A new poverty simulation game called SPENT, developed at Simon Fraser University, aims to help people understand how poverty arises, and how it can be stopped.
Economic inequality is — and has been for some time now — growing across the globe. A team of researchers at Simon Fraser University are working to understand how people at large think about the issues of inequality and poverty, and are now sharing their findings in a five-part global study.
From whence doth poverty come?
“How people understand the causes of poverty influences their willingness to address inequality and help the poor,” says Lara Aknin, an SFU distinguished professor in the department of psychology and co-author of the paper.
“Our dream is to partner with the Vancouver School Board and classrooms around the city to investigate if we see similar long-lasting results using these interventions during these impressionable periods.”
The team drew on data from the World Values survey (corresponding to roughly 30,000 participants’ views) and an additional 2,400 participants that they recruited themselves. In total, the participants came from 34 different countries, the team explains.
While the study as a whole is definitely interesting, I want to focus on the last two portions of the study. During these, the team showed that a simple, cheap, “low-touch” intervention, corresponding to 10 minutes of playing a “poverty simulation” game called SPENT, can help people change their view on poverty and increase support against economic inequality, the team explains.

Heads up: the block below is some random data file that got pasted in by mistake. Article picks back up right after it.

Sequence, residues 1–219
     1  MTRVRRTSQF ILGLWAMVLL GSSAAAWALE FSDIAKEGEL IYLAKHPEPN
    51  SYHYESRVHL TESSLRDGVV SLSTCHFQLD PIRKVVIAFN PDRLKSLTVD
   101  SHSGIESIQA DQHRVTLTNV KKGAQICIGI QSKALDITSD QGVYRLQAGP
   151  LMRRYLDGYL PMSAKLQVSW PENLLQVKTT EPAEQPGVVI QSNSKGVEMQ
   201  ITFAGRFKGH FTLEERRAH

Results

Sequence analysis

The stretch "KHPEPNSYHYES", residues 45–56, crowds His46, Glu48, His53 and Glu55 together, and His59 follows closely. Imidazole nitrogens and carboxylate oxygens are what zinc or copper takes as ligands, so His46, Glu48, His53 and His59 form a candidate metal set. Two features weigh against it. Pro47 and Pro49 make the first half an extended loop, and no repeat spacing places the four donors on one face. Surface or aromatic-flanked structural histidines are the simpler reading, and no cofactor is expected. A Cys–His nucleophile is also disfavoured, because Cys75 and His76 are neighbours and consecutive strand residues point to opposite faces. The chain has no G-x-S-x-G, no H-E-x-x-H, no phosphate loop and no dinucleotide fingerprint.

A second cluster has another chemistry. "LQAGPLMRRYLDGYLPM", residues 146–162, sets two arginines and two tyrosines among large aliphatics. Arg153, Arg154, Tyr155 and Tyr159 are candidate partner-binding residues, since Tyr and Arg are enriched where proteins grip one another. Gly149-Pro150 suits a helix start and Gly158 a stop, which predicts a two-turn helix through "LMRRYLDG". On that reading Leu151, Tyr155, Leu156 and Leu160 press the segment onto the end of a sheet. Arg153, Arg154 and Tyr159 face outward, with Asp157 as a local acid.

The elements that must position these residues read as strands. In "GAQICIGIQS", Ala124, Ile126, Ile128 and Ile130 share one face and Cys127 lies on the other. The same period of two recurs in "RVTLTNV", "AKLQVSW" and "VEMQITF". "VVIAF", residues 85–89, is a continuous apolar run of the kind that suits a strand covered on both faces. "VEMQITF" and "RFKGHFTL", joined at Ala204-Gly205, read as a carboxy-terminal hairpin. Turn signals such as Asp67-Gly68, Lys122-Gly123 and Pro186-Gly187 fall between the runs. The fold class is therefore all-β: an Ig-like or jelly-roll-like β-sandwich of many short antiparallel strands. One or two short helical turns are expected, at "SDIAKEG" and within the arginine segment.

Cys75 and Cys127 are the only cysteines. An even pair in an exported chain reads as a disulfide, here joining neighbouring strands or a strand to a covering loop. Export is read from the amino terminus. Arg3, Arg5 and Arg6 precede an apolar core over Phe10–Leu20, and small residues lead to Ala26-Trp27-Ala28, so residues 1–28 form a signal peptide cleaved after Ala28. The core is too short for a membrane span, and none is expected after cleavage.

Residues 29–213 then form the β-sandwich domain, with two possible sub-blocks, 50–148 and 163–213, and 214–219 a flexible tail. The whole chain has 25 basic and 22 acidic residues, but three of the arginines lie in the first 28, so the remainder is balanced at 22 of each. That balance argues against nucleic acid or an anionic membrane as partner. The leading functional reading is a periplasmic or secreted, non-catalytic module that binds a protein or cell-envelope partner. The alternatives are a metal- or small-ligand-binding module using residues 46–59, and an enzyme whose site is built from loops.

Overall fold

In SPENT (which you can play here), players are put in the shoes of an impoverished individual for one month and have to handle their daily financial decisions. The team invited 600 students at the university in the lab, dividing them into two groups. One group was asked to play the game, while the other group was used as a control and didn’t play SPENT.
Follow-up research over the next few months showed that those who played SPENT developed a stronger recognition of the causes of poverty, and made them less willing to support economic inequality for at least five months after playing the game.
“Attributing poverty to situational forces is associated with greater concern about inequality, preference for egalitarian policies, and inequality-reducing behaviour,” the team explains in their paper. “Situational attributions may be a potent psychological lever for lessening societal inequality.”
The team is confident that these interventions are scalable and can be used in the classroom to educate younger generations to see economic inequality for the situation-driven tragedy that it really is.
“Why do situational attributions for poverty motivate opposition to economic inequality? People are particularly sensitive to whether opportunities to get ahead in society are perceived to be available. For example, the belief that one’s economic standing is based on merit is a key feature of the American Dream.”
“Recognizing that situational factors beyond one’s personal control can contribute to poverty represents a potent threat to these perceptions.”
The paper “Shifting attributions for poverty motivates opposition to inequality and enhances egalitarianism” has been published in the journal Nature Human Behavior.